I recently saw the movie Monuments Men with George Clooney and Matt Damon. Don’t worry, I’m not going to give anything away-so there is no need for a spoiler alert! There is a scene in the movie when one of the characters, a lieutenant in the British army, goes to protect the famous sculpture, The Madonna of Bruges by Michelangelo. The priest, who let’s the lieutenant into the church, asks him “Are you Catholic?” The lieutenant’s simple answer, “Today I am,” was one of the most poignant and memorable moments in the movie for me.
As I say that, however, I realize that this scene’s impact would have been lost to me as a teenager growing up in Mumbai in the 80’s. It was only after I came to the west that I started to realize how distinct the many denominations of Christianity are. In Mumbai, I had a few Christian acquaintances but never thought to ask what denomination they were. Perhaps this was because they were in the minority and distinguishing them as Christian from the diverse Indian milieu of Hindus, Jains, Muslims, Parsees, Sikhs etc was more than enough. However, I soon learned that this approach can be both problematic and insensitive, particularly in the West. In fact, I clearly remember the first time I realized just how important these distinctions were.
I was living in Santiago, Chile and I referred to a Chilean acquaintance as Christian. She immediately turned to me and said, in Spanish, “No soy Christiana, soy Catholica!” (I am not Christian, I am Catholic!) The look of surprise on my face must have been comical- I was absolutely flummoxed! I eventually came to realize that many Spanish speaking Catholics call every other denomination, except their own, ‘Christian’.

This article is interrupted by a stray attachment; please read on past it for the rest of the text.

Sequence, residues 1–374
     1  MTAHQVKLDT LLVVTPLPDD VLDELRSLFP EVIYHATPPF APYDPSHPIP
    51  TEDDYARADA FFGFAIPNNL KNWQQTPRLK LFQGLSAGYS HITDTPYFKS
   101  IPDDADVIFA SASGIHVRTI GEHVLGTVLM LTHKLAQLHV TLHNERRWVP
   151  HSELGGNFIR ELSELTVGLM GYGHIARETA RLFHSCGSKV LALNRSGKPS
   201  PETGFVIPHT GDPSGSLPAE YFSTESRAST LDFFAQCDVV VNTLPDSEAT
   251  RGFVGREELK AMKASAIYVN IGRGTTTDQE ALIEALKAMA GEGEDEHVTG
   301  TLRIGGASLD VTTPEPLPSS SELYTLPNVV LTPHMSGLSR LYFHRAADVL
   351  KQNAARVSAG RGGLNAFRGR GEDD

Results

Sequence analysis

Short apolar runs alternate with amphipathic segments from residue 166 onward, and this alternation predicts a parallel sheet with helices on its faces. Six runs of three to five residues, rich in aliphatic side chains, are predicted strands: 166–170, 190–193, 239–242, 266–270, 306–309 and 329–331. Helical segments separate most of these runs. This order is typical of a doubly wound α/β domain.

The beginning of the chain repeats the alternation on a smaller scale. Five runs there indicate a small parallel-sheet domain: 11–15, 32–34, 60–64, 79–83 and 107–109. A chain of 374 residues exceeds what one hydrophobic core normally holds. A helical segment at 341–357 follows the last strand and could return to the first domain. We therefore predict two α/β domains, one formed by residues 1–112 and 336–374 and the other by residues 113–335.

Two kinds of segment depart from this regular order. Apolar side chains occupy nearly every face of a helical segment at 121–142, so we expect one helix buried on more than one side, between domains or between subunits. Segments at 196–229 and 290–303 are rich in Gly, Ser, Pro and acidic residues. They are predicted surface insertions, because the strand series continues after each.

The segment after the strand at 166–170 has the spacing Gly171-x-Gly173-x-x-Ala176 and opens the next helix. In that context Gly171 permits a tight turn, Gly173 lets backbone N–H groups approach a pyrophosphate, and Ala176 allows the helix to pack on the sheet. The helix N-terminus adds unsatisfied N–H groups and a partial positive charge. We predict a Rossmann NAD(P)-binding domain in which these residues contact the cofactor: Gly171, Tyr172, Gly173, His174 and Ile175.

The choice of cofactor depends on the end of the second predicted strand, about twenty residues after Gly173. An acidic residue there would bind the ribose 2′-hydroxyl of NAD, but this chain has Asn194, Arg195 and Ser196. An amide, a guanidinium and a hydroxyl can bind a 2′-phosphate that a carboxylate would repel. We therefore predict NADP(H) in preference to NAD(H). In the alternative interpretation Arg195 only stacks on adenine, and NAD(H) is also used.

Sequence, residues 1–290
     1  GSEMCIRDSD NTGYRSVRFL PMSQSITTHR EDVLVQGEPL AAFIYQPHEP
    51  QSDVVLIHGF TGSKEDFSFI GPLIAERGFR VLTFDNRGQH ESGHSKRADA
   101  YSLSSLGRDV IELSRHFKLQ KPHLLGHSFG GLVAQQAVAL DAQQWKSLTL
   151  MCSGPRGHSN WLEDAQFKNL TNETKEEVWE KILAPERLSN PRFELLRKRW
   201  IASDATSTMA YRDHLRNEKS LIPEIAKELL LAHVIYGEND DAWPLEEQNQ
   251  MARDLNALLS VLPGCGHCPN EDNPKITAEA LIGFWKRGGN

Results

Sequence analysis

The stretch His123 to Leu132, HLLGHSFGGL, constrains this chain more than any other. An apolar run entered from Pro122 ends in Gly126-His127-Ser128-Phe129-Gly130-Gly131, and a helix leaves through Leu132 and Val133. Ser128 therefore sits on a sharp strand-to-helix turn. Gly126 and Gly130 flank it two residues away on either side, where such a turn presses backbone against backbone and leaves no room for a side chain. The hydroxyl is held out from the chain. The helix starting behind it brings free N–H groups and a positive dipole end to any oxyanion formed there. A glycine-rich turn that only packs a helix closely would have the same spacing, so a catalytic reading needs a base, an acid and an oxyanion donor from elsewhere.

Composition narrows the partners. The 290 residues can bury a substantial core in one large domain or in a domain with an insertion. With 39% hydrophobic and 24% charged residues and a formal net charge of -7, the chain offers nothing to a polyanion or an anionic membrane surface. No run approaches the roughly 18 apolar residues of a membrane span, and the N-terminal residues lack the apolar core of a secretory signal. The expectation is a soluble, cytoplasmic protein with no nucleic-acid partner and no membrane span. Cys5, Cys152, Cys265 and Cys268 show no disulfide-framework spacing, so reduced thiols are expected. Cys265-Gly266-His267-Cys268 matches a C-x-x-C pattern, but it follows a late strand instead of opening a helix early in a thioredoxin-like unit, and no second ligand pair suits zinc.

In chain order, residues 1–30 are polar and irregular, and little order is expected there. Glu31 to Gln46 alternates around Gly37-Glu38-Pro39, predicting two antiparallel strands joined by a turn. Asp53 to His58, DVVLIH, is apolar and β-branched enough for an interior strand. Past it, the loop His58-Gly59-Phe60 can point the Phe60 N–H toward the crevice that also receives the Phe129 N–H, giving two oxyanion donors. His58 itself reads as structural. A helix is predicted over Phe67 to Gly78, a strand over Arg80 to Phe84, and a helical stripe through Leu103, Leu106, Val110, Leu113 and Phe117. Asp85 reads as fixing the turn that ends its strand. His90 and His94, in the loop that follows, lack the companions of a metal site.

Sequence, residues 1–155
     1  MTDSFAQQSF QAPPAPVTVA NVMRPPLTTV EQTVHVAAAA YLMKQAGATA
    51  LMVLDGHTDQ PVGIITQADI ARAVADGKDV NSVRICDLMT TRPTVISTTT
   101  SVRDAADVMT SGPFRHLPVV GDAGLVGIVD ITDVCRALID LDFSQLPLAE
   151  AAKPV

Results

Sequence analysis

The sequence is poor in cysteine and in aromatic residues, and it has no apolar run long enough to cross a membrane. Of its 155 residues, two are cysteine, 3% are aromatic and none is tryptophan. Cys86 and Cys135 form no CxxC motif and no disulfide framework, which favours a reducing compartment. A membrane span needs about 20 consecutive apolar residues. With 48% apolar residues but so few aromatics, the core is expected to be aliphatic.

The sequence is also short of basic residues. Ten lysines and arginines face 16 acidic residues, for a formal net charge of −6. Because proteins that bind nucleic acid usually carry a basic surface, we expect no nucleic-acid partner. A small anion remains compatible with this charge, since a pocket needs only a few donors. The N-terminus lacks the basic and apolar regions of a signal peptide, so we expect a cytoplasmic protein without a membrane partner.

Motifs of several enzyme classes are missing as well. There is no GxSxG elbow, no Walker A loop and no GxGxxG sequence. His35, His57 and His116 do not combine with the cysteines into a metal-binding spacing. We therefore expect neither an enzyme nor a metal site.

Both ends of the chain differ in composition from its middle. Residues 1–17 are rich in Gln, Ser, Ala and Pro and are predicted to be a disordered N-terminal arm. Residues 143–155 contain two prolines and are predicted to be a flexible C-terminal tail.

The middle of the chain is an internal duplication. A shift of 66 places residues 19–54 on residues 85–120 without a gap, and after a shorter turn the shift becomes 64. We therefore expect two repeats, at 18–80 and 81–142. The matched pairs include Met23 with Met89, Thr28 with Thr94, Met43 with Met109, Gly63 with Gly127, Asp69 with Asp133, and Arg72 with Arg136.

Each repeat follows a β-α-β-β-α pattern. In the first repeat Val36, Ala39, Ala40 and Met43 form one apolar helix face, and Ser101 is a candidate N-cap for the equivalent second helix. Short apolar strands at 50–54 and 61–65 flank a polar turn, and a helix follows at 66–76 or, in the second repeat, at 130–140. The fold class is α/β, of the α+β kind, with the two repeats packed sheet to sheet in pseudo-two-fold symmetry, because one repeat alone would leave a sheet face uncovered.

Luckily, I am a fast learner and I quickly educated myself to the differences between the sects and learned to be more sensitive when I spoke of the many Christian paths.
I think this issue of not seeing the differences that exist within religions that are not our own is a common mistake. It gets compounded if a certain religious tradition is in the minority. For instance, when I lived in India, Christians were in the minority and as such they oftentimes found it more useful to present themselves as a united group rather than as a number of separate Christian denominations. Similarly, when I tell Americans that there are a vast number of Hindu sects, many of whom do not see eye to eye, my words are met with surprise. It is only when I point to the diversity within Christianity does a look of understanding cross their faces. Obviously, this is because Hindus are in the minority here and as such it is much easier for Hindus who live outside of India to gloss over their differences. But that does not mean that these distinctions somehow disappear when Hindus move to the West- just that they are not usually spelled out when speaking with non-Hindus.
It is clear that there are times when our differences are really important to us and we need others to understand them. And yet, there are other instances- like the scene in Monuments Men- when these same differences are completely irrelevant. Indeed, I know a great number of Hindus, who, if moved by the need to protect something sacred, no matter the tradition it belonged to- would also repeat the very same words uttered by the lieutenant, “Today I am.”